Forms of the Prose Poem

July 2015


Live a lineless life…

According to Kevin Prufer, there are two ways to think of the prose poem—as a poem without lines, or as a poem with one long line. In this course, we’ll investigate what that idea entails, as well as what the term “prose poem” even means—how it differs from flash prose, and what forms it can take (the narrative, the lyric, the column, the poem of accumulation).

We’ll also think about how traditional poetic techniques (image, figurative language, and more) operate in the space of the prose poem. Over the month we will examine a wide range of work, from canonical poems like Carolyn Forche’s “The Colonel” to new, contemporary work from a wide range of voices. If you’ve ever been interested in the prose poem, or confused by the prose poem, or you’ve never heard of the prose poem but your interest is piqued now, this is the space for you!

 About the Instructor

Justin Carter is a PhD student at the University of North Texas. The co-editor of Banango Street & assistant poetry editor of American Literary Review, he holds a B.A. from the University of Houston & an MFA from Bowling Green State University. His work appears in Booth, The Collagist, cream city review, The Journal, Ninth Letter, Passages North, & Sonora Review, where he was awarded the 2015 Sonora Review Poetry Prize. He lives in Denton, TX.

This course will “meet” throughout the month of June. You will have continuous access to a shared, secure course space throughout the span of the workshop, and will receive a set of exercises, examples, and prompts at the start of each week.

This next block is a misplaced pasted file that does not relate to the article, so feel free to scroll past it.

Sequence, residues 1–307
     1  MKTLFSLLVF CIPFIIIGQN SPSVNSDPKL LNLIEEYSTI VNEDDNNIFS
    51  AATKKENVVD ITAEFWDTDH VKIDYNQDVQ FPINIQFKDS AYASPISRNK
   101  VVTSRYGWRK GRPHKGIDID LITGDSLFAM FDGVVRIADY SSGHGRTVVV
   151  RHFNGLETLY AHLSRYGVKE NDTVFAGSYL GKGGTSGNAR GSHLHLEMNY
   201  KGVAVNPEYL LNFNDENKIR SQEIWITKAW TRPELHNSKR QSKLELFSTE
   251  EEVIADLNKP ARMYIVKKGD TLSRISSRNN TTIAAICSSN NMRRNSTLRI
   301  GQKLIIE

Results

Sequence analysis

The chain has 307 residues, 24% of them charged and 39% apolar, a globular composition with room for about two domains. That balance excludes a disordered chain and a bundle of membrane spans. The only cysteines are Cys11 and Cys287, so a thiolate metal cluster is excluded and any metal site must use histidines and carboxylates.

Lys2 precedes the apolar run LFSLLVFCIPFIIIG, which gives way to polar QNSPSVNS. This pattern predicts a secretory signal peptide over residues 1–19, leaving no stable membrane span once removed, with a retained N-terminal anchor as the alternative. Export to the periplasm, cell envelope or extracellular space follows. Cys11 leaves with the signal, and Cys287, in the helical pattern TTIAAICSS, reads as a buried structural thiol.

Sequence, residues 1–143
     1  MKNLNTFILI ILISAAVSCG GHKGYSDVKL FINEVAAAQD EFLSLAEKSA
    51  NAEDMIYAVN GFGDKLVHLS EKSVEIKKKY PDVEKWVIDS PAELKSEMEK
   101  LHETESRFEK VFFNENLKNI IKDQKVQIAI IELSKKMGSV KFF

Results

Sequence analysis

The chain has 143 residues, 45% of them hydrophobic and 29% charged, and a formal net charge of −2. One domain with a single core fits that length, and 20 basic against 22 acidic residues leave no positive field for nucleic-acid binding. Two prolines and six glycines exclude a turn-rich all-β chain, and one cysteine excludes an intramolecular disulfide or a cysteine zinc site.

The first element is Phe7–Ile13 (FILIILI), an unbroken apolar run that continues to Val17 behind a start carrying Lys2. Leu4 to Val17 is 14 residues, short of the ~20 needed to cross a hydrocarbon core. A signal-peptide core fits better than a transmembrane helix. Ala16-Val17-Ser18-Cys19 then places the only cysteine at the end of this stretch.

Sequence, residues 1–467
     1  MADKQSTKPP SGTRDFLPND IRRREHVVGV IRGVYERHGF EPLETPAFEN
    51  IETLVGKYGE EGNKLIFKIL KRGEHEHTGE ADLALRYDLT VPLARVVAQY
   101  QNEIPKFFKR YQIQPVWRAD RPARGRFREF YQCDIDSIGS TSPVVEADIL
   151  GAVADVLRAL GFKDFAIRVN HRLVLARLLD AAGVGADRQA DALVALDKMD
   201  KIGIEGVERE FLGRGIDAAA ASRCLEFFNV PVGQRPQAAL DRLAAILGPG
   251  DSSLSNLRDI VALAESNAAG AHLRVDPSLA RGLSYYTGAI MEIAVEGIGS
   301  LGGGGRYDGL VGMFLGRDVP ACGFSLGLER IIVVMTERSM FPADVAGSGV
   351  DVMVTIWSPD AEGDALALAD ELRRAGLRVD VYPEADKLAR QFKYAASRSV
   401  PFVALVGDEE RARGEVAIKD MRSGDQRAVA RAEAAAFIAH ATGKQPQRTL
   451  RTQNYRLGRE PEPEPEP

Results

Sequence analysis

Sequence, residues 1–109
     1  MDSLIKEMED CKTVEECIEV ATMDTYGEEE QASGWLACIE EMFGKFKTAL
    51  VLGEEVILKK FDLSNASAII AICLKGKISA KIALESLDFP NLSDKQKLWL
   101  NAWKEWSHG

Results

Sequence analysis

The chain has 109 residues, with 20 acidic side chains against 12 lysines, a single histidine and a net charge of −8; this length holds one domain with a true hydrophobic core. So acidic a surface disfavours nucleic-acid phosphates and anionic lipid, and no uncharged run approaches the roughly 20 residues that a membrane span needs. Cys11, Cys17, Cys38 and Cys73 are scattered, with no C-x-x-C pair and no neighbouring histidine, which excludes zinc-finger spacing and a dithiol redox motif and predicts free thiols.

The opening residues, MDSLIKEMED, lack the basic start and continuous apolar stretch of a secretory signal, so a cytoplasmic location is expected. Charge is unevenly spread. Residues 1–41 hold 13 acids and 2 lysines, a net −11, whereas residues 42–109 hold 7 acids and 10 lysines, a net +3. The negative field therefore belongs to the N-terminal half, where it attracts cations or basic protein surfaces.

At the end of each week you’ll have the opportunity to turn in 2-3 prose poems for formal feedback from your workshop leader, who will give you editorial comments as well as suggestions for expansion in your reading and craft. You’ll also be able to ask questions in the course space, including in an “office hours” forum.

Go at your own pace, but generate as much as you can, and you are encouraged to post your results, marathon-style, to the class space, and to comment on your fellows’ work.

Apiary’s workshops are designed to provide both one-on-one instructor feedback and guidance, and a learning environment and supportive community to share in with your peers.

What you can expect

  • a password-protected space in which to share work with your workshop leader and peers
  • 4 rounds of feedback and instructive support with your workshop leader (up to 2-3 pieces each week, suggested readings); and encouragement of peer feedback
  • “office hours” in the form of private messaging and forum responses
  • focused attention to the development and exploration of your own craft and language. This is about your work, and where you want to go.
  • a supportive environment for your writing, always.

Forms of the Prose Poem
four weeks
Image credit: See-ming Lee